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Chronic Fatigue and Immune Dysfunction Syndrome (CFIDS)

Various protocols for neurotherapy exist for many illnesses. However, due to the unique brain abnormalities in CFIDS clients, those protocols have generally not been effective in attempting to relieve the symptoms of those suffering from CFIDS.

After using several of these neurotherapy protocols in initial training studies of the early 90’s, Siber Imaging developed and fine-tuned a protocol which has been successful with hundreds of clients. This protocol must be individually designed, as each client responds in a unique way. The training protocol used is specifically tailored for each client based on the length of illness, client’s EEG dysfunction, and the client’s physical and cognitive stamina.

In CFIDS clients, it is necessary to follow a very careful, slow process in increasing under-active and reducing overactive brainwaves, to avoid actually exacerbating symptoms. Since each client’s EEG and progress are unique, the initial training sessions may involve routine experimentation to establish the proper training parameters. Dr. Preston has believed since the early 90’s that many CFIDS client’s symptoms are neurally-mediated (brain regulated). These neurally-mediated symptoms include: nausea, sleeping difficulties, balance disturbances, memory deficits, concentration and attention difficulties, tremors, mood disturbances, seizure activity and dysautonomia such as heart irregularities, esophageal spasms and hypotension.

Many CFIDS clients have compared their cognitive difficulties to being “in a fog”. In many ways, the CFIDS brain is functioning as though it is asleep, even though the client is awake. Careful evaluation of data taken from hundreds of CFIDS clients showed abnormal increases in slow wave and fast wave activity compared to healthy controls and clients with other diseases.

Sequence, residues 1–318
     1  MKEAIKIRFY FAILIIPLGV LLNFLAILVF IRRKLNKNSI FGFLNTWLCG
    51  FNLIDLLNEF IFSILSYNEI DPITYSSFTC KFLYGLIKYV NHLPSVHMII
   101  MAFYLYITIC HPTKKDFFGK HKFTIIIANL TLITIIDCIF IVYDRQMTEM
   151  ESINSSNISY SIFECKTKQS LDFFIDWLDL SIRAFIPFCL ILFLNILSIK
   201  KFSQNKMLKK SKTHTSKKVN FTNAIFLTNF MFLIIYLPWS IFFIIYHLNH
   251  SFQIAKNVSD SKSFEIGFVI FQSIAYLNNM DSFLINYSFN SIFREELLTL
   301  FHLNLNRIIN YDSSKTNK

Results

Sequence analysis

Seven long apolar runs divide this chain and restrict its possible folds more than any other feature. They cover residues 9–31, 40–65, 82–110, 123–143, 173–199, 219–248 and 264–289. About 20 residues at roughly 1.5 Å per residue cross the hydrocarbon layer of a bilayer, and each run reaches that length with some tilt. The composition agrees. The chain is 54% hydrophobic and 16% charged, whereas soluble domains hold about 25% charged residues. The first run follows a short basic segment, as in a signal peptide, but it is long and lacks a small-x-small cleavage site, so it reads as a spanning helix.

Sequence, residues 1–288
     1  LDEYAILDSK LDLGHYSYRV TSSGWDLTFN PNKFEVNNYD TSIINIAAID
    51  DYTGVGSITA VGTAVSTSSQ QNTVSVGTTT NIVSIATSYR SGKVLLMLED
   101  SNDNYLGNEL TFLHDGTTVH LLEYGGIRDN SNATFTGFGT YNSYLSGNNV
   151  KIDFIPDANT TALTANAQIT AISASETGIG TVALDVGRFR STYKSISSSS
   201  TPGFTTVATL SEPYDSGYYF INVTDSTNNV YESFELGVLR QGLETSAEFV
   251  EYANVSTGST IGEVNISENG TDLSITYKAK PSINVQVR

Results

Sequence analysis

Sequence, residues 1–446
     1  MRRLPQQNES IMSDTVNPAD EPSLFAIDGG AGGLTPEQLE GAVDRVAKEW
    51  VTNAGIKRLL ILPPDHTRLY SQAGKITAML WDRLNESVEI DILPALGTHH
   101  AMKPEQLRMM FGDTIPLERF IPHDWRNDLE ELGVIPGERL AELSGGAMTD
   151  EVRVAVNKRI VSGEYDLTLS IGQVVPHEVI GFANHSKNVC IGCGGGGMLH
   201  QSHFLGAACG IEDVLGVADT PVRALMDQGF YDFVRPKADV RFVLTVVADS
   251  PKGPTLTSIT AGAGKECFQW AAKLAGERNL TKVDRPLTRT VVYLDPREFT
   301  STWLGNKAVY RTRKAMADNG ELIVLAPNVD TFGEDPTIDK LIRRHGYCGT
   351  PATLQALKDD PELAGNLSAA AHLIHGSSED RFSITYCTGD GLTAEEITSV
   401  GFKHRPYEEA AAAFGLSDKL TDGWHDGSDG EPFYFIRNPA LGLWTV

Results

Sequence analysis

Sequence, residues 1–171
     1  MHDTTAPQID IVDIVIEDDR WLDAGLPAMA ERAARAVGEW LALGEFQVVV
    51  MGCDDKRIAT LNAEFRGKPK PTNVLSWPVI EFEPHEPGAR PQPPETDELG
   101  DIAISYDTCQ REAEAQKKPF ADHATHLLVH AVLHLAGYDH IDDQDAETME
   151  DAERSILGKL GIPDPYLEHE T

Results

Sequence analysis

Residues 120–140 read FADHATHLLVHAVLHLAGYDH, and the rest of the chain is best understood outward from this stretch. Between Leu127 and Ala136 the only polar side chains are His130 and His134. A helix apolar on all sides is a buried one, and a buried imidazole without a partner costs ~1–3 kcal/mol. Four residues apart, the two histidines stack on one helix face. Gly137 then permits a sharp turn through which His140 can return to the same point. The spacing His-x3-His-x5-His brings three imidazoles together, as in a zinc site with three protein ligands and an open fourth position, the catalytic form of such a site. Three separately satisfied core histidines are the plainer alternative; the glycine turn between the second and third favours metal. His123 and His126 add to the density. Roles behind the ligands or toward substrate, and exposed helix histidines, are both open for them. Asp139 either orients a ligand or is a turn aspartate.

Essentially CFIDS clients are utilizing non-functional wave-forms such as Delta, Theta, and Gamma to perform functional tasks in a compensatory way. This slow wave activity is consistent with a metabolic encephalopathy (brain injury). Research has shown that the brain activity of the CFIDS client speeds up when the eyes are closed and it slows down when the eyes are open, which is the opposite of a normal response. This may be one reason that conventional EEG results for CFIDS clients are often evaluated as “normal”, since they are typically done in an eyes-closed position. CFIDS clients display unique functional brain abnormalities only when you compare the data of clients/controls while being cognitively challenged with the eyes open.

Dissertation: CFIDS was also the focus of Dr. Preston’s Ph.D. dissertation:


To order a copy of the Dissertation, contact: UMI 1.800.521.0600 Catalog # 9821994

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